dating moldavie - Memory consolidation or updating consolidation

This early critical review rapidly raised a polemic public debate, the flavor of which can be gleaned from notes published in (Lewis and Maher 1965; Mc Gaugh and Petrinovich 1965; Lewis and Maher 1966).

Subsequent to this debate, scores of papers appeared from many different laboratories questioning the interpretation of experimental amnesia studies in terms of blockade of memory consolidation.

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Much of this work was done in collaboration with D. Lewis, who later turned a critical eye on his mentor’s work, to suggest initially, after careful behavioral analysis, that the performance deficit after ECS treatment was not necessarily due to amnesia, but to “competing responses” elicited by the treatment.

In 1965, Lewis published a review of the ECS-induced amnesia literature, containing already at this early date over 40 references, concluding that they do not provide unequivocal support for the consolidation hypothesis.

For more general reviews, refer to Mc Gaugh (2000) and Dudai (2004).

Scientific investigation of memory processes was initiated at the end of the 19th century by psychologists in Germany, Ebbinghaus (1885) and then Müeller and Pilzecker (1900).

In his 1949 paper he concluded that his experiments provided direct evidence for Müeller and Pilzecker’s hypothesis stating that post-learning neural perseveration was necessary for consolidating memory.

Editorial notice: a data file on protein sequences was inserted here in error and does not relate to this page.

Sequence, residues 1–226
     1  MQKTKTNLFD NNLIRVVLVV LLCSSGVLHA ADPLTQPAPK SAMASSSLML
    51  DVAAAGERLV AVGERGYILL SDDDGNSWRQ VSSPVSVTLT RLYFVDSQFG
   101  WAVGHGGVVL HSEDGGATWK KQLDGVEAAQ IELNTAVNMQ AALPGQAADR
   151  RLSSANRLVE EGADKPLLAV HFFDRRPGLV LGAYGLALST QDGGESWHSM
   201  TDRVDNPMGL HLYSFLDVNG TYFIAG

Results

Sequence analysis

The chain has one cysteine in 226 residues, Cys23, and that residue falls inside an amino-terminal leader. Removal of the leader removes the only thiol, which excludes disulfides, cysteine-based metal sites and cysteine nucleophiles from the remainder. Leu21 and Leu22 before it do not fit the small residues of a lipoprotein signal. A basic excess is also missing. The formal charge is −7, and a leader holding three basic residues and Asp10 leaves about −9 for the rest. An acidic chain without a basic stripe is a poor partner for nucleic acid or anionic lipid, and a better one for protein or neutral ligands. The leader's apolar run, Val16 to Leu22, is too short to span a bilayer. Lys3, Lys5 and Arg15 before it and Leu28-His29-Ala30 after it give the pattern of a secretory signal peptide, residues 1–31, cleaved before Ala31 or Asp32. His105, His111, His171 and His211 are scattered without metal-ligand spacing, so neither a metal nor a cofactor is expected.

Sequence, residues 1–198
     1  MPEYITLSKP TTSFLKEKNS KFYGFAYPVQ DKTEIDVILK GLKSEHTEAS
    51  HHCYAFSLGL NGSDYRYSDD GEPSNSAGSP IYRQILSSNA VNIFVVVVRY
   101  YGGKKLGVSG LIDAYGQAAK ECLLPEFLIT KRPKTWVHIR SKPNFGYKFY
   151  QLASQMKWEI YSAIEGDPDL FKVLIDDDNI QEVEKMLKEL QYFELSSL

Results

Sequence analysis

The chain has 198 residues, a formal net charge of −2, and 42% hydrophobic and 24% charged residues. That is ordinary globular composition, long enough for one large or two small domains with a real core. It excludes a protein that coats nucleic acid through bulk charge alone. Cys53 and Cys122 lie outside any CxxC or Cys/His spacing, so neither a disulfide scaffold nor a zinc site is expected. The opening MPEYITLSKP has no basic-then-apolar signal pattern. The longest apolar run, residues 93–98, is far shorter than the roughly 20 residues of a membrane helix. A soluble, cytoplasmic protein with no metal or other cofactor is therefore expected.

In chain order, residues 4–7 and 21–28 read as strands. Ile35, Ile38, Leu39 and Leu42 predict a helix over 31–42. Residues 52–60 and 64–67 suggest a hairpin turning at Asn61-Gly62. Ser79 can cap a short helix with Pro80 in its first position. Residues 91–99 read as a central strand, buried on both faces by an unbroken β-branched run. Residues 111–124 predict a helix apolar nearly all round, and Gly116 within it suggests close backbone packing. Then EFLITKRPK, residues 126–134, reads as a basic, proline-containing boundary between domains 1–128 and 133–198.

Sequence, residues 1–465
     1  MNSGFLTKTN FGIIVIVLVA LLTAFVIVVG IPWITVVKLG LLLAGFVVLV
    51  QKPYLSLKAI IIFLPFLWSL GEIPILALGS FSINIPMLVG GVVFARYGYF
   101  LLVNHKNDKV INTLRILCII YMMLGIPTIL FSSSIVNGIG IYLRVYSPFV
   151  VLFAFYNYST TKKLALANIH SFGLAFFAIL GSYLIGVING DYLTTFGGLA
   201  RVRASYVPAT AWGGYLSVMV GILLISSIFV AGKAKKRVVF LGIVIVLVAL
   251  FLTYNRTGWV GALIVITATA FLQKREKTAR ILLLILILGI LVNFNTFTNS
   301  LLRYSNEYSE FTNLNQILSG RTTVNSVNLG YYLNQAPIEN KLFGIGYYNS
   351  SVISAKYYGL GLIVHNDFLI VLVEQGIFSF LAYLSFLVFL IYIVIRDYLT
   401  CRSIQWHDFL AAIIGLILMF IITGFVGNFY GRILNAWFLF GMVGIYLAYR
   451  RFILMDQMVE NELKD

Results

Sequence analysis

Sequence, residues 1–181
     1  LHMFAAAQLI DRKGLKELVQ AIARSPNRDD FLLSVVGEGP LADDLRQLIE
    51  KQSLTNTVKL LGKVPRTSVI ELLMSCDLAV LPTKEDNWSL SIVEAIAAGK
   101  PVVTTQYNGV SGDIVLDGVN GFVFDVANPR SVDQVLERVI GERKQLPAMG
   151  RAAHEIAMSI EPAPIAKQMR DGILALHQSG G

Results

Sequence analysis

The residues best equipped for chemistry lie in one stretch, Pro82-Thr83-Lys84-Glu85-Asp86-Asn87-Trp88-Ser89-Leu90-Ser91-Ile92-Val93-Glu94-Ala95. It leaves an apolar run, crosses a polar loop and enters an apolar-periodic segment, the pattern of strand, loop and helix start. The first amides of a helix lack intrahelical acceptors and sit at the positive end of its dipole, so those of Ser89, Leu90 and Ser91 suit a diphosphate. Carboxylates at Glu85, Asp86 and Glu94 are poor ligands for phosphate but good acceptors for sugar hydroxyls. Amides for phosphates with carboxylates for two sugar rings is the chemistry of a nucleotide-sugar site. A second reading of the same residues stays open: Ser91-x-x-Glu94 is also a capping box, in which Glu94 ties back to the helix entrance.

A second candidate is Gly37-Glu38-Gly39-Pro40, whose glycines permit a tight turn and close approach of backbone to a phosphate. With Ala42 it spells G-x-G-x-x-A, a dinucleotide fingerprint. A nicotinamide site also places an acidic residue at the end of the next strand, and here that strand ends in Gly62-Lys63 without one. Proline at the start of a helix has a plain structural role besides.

ECS disrupted this activity, thereby preventing post-acquisition memory consolidation.

This was followed in 1948 by “Habit reversal deficit induced by electroshock in the rat” (Duncan 1948), culminating with “The retroactive effect of electroshock on learning” (Duncan 1949).

In his first studies, Duncan administered an electroconvulsive shock (ECS) after each daily trial in a complex maze and showed an inverse relationship between the speed of learning and the delay between the trial and the amnestic treatment.

The protocol of retrograde amnesia, indeed, opened a door on a neurobiological approach to the study of memory, evaluating the efficacy and temporal dynamics of diverse physiological treatments without interfering with acquisition.

In general, the rationale for these experiments was that treatments that disrupt on-going brain activity (ECS, anesthesia, hypothermia) disturb memory. On the other side of the coin, treatments that enhance brain function such as psycho stimulant drugs (Mc Gaugh 1966), or mild stimulation of the ascending reticular activation system (Bloch et al. The common feature of these experiments is that both promnesic and amnesic agents lose their ability to respectively enhance or impair memory as the interval between memory acquisition and the treatment is increased, defining a temporal gradient of efficacy.

From his studies of amnesic patients, he formulated “La loi de regression,” which simply notes that, as memories age, they become more resistant to trauma-induced amnesia.

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